Tiger Woods’ Denigrating Portrayal for Women
Tiger Woods acknowledged “living a lie,” saying he alone was responsible for the sex scandal that caused his shocking downfall from global sporting icon to late-night TV punchline.
“It was all me. I’m the one who did it. I’m the one who acted the way I acted. No one knew what was going on when it was going on,” Woods told the Golf Channel in one of two interviews on Sunday night.
“I’m sure if more people would have known in my inner circle, they would have stopped it or tried to put a stop to it. But I kept it all to myself,” he told the Golf Channel.
The golfer’s comeback is set for a men’s-only golf course. So much for that enlightenment and atonement.
After announcing last week that he would return to golf to play in April’s Masters tournament, Tiger Woods continued his Carefully Scripted Atonement Tour on Saturday by granting his first interview since that fateful November car crash–but there were still minefields galore.
In an evenly worded five-minute talk with ESPN’s Tom Rinaldi, the most notorious sexter in the world reiterated the apologies he made in his February press conference and the rhetoric of amends he’s no doubt picked up after his ongoing “treatment” for his vices. But while he twice referred to “stripping away” his “denial and rationalization,” it seems Woods still has a few blind spots to go. As sports writer Filip Bondy of the New York Daily News recently pointed out, there’s a certain cluelessless in a man with a weakness for the ladies staging his comeback at the Masters’ Augusta National Golf Club–a club that Bondy describes as a “home of storied, institutionalized sexism” for its steadfast refusal to admit women as members. Perhaps Tiger’s just trying to avoid temptation?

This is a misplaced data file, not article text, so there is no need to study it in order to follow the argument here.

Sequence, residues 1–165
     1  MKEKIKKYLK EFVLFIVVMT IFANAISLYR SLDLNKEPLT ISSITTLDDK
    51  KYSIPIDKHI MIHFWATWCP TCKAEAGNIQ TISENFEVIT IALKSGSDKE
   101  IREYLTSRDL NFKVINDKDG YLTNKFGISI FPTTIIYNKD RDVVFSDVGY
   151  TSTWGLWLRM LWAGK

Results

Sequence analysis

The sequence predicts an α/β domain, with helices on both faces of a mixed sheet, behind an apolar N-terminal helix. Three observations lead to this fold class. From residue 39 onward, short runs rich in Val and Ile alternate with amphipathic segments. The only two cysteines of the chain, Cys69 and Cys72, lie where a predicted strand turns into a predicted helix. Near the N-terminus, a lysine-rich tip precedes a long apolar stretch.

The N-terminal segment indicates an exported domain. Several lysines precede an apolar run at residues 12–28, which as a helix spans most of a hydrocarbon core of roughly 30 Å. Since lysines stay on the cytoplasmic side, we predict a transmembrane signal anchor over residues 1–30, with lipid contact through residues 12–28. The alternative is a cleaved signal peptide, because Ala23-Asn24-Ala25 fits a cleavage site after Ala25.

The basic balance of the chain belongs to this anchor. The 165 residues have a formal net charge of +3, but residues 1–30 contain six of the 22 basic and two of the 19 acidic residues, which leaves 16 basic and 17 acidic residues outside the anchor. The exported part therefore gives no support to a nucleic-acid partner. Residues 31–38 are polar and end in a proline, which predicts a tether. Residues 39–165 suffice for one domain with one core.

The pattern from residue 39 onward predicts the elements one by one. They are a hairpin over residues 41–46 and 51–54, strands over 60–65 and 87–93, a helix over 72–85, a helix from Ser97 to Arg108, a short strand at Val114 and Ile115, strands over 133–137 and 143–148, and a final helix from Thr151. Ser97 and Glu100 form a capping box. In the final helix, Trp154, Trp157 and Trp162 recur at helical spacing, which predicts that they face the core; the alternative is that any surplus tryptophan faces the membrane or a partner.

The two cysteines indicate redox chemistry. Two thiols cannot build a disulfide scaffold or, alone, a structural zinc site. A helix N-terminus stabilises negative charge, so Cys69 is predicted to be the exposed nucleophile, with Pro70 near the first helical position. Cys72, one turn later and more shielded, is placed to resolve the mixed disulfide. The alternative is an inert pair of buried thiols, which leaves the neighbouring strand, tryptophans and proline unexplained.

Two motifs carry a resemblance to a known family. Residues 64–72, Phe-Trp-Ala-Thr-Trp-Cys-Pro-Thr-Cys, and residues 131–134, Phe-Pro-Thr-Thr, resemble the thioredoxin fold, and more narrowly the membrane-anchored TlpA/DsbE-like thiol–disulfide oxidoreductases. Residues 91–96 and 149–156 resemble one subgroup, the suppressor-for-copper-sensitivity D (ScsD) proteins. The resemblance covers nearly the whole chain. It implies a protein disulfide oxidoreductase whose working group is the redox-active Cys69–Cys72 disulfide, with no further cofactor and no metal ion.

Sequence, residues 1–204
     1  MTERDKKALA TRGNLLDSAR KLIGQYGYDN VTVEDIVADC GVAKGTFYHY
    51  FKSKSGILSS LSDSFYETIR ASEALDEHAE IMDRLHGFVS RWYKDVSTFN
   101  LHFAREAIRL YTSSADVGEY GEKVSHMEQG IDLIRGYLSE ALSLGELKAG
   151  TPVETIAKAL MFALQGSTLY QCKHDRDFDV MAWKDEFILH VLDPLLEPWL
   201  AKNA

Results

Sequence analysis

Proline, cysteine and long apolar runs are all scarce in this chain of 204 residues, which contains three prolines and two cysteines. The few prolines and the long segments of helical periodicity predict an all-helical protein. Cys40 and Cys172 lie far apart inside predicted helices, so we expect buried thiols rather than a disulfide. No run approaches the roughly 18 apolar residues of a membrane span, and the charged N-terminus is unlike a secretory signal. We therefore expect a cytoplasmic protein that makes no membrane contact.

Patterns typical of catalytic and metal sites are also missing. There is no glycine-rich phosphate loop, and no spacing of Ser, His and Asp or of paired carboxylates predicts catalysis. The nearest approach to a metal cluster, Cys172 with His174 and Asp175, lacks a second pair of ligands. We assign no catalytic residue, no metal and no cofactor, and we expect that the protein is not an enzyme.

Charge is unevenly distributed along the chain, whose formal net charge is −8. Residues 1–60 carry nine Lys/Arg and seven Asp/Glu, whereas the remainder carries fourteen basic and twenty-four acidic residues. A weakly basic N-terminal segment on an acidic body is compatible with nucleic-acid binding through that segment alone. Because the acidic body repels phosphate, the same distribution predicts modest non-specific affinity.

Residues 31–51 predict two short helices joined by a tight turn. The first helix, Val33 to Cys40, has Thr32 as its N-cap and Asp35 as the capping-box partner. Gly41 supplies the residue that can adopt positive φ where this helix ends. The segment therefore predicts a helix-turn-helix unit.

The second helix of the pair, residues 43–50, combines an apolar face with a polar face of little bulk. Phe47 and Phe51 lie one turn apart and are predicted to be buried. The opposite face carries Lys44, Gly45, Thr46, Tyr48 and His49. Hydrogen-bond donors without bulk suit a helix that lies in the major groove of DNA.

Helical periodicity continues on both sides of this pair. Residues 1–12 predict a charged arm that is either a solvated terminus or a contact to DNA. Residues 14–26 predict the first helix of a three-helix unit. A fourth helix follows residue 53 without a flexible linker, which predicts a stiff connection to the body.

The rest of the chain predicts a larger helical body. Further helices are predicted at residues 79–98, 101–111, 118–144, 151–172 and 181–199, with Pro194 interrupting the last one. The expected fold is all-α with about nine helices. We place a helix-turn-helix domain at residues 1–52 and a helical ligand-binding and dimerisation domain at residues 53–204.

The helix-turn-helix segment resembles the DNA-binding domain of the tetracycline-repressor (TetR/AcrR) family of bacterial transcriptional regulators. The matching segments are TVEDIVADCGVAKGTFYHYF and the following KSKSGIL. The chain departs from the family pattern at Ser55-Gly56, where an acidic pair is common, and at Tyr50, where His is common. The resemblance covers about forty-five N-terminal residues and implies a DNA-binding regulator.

Augusta has never been a bastion of forward thinking–it only started letting in African-Americans in 1990, a mere seven years before Woods would take his first Masters win there. But despite ongoing and occasionally heated efforts to gender integrate the club, it remains a testosterone monopoly. In 2002, its chairman Hootie Johnson told USA Today, “We’re a private club. And private organizations are good. The Boy Scouts. The Girl Scouts. Junior League. Sororities. Fraternities.” And if country clubs for millionaires were like social organizations with an altruistic and character-building imperative, he might be on to something. Do its members have to sell cookies to support it, too? He added, “We have no timetable on a woman member. And our club has enjoyed a camaraderie and a closeness that’s served us well for so long that it makes it difficult for us to consider change.” See, we knew there had to be a really good reason for keeping it single-sex. Complacency!
Speaking to ABC on Monday, USA Today sports columnist Christine Brennan said, “The male-dominated golf world has never really cared about the issue of discrimination against women at Augusta National. That this is the place that Tiger Woods decides to come back with these apparently well-documented issues that he has with women is ironic at best, and, I guess you could say, a slap in the face to women at worst.”
In his ESPN interview, Woods explained his transgressions by saying, “I felt entitled, and that is not how I was raised.” So if a sense of entitlement leads to errors in judgment, maybe a good place to start changing that attitude would be by speaking out against a club whose policy is all about entitlement. And maybe those amends Woods keeps talking about making might include helping to prove that women have a more meaningful place in the golf world than as groupies. Then again, maybe the man who allegedly told Joslyn James, “I want to treat you rough. Throw you around, spank and slap you,” has simply found a more metaphoric way to do just that.
Woods answered questions on camera for the first time since his early morning car crash last November, yet again divulged few details about the crash, his marriage, his stint in a rehabilitation clinic or his personal life.